Qualcomm is confident it won’t be a problem. Details are still hard to find, but the company thinks simply shrinking the manufacturing process to 10nm could improve performance by as much as 27 percent. It would be more than enough to offset any losses from the emulation process.
Qualcomm hopes the refined manufacturing process will also improve battery life by up to 40 percent when compared to its previous 14nm chips. In an age when people widely consider battery life to be the weak link in mobile technology, this could be revolutionary.
New ultra-lightweight laptops will probably be the first consumer devices to become available. As mentioned, they will all boast the full version of Windows 10.
Interestingly, they’ll have virtual or embedded SIM cards and providers will sell their data plans through the Windows Store. They’ll meld the portability of a smartphone with the usefulness of a regular PC.
Terry Myerson, Executive Vice President of the Windows and Devices Group, said:
Think of it as the Windows 10 customers know. Customers are asking for devices with better battery life, and with cellular connectivity. That’s why we’ve invested in this, and we’re pretty excited to be announcing it. I think that for many people it’s going to be a very delightful experience.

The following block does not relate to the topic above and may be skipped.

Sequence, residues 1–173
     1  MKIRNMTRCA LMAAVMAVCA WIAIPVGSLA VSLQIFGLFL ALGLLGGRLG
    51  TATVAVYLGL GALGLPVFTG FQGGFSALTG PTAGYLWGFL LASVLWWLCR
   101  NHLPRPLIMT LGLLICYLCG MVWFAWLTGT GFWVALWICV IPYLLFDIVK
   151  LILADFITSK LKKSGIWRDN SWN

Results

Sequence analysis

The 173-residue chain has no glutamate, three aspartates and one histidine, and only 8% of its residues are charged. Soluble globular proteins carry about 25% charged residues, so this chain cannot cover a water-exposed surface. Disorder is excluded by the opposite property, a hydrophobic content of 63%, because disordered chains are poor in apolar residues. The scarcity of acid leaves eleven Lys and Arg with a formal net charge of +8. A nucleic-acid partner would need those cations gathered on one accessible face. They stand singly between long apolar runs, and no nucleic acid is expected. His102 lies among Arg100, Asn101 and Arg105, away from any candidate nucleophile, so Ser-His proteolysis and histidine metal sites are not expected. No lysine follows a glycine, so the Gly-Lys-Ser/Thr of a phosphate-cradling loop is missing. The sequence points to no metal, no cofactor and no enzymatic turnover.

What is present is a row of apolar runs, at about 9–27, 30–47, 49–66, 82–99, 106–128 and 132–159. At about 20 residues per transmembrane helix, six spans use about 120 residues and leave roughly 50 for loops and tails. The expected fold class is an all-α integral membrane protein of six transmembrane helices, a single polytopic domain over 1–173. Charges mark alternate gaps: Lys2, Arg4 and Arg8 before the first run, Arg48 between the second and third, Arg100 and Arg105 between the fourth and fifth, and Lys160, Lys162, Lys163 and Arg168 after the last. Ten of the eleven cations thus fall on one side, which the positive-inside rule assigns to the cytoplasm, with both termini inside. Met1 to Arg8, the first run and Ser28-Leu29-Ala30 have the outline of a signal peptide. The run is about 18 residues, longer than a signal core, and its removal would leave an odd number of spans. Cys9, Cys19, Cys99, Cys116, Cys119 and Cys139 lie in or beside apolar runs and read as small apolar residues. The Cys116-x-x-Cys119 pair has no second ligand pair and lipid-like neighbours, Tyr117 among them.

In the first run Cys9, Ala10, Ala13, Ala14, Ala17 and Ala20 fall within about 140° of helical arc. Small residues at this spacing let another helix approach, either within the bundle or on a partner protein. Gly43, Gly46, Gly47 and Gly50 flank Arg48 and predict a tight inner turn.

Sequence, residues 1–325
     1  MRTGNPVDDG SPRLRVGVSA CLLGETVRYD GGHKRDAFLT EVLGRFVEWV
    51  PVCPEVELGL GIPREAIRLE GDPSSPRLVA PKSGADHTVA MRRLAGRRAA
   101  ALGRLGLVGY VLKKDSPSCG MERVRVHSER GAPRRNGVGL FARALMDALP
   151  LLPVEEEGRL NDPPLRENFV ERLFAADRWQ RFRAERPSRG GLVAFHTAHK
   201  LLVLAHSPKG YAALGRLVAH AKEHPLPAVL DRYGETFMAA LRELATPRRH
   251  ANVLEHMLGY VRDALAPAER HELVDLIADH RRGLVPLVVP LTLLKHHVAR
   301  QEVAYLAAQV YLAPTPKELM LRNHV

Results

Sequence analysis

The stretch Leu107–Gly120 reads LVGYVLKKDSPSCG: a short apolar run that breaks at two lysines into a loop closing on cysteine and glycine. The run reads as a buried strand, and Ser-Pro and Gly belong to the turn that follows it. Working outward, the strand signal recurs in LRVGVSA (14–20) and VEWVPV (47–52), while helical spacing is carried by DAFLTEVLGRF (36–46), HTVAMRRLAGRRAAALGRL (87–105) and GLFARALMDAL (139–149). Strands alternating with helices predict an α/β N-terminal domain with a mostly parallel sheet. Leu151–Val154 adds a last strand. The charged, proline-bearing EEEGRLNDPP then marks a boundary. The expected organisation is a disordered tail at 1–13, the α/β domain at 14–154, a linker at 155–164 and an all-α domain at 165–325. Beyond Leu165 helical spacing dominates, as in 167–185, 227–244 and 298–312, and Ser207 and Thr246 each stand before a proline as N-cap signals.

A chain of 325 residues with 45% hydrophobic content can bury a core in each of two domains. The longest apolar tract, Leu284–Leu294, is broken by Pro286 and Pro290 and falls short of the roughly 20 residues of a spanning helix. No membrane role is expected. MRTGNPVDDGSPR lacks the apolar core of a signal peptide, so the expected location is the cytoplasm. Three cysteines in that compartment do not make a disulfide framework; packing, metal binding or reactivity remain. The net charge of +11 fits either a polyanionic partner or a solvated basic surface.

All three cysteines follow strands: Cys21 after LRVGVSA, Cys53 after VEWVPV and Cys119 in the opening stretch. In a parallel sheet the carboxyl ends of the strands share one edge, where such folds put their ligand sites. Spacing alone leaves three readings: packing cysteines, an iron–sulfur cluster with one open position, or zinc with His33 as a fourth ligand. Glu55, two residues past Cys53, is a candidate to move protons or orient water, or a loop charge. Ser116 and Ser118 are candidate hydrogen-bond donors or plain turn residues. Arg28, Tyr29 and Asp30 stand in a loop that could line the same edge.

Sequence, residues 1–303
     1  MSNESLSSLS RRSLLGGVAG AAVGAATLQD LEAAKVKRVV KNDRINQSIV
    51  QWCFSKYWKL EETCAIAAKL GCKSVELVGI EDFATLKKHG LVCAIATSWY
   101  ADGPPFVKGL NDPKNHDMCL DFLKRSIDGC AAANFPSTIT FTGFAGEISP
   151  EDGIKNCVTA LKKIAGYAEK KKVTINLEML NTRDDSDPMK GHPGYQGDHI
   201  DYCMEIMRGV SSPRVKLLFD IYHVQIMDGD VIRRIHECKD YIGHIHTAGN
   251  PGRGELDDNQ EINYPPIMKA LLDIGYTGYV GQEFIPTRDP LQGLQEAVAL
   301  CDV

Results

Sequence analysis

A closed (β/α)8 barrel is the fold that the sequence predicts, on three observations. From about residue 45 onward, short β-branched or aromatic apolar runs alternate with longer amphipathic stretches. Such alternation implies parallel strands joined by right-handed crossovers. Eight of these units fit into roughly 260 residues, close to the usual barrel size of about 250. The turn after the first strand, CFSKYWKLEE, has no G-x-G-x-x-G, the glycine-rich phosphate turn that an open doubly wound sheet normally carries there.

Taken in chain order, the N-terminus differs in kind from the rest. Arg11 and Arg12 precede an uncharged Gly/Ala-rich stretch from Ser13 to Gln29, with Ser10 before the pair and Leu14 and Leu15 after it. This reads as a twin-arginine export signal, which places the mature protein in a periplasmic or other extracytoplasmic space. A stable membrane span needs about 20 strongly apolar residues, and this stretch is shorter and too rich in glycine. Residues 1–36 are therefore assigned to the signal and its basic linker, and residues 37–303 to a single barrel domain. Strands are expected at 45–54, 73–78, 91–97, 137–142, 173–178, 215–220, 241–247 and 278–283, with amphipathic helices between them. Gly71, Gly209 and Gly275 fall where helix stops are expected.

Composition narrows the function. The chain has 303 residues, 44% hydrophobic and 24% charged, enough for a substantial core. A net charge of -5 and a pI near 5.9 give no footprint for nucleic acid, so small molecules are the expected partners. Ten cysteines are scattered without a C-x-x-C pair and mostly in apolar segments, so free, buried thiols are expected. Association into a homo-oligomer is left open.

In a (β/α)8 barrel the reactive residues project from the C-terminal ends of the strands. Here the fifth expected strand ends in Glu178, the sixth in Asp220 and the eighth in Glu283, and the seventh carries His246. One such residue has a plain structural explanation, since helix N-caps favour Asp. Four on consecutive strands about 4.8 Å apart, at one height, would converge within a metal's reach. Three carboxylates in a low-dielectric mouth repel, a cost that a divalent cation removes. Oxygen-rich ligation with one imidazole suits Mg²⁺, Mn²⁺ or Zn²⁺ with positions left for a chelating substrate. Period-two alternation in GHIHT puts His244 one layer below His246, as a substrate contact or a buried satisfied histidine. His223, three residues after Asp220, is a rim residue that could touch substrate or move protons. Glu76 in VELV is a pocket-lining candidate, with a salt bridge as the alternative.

At the WinHEC conference, Microsoft demonstrated Photoshop running on an ARM device. But you’ll be able to run all the apps you rely on most heavily. They won’t need to be specially adapted or stripped of features. In theory, anything you can do on a desktop, you’ll be able to do on a new mobile ARM device.
Microsoft has been working hard to develop the concept of Continuum. It allows you to plug your phone into any large screen and use it as a PC.
Is this announcement the first step to allowing full desktop apps on mobile? It would make the Continuum offering a lot stronger and turn it into a real market force.
Will we ever see a Surface Phone? There’s no doubt Microsoft missed the smartphone revolution, but could they finally be about to bring out a true Android and iOS competitor that runs the full version of Windows 10? There’s no question that it would be popular.
Despite all the rumors, there’s nothing concrete. However, it’s clear this announcement makes a potential device seem more realistic than ever.
When Can You Get It?
Details aren’t easily available, but insider sources have confirmed it will not be ready in time for the Windows 10 Creators Update in March 2017.
However, it will be available sometime next year. Qualcomm will release the Snapdragon 835 chip before next summer. Expect the first devices to be available shortly after its launch.
A Glimpse Into the Future?
Will Microsoft’s second attempt at taking Windows onto ARM processors be successful? At the moment, it seems like the company is on the right track.
Until the first devices get into the hands of reviewers, we won’t know for sure. But it’s clear Microsoft firmly believes this is the next step in the quest to have a single version of Windows for every platform.
Is Windows 10 on ARM going to be a breakthrough? Let us know what you think in the comments below.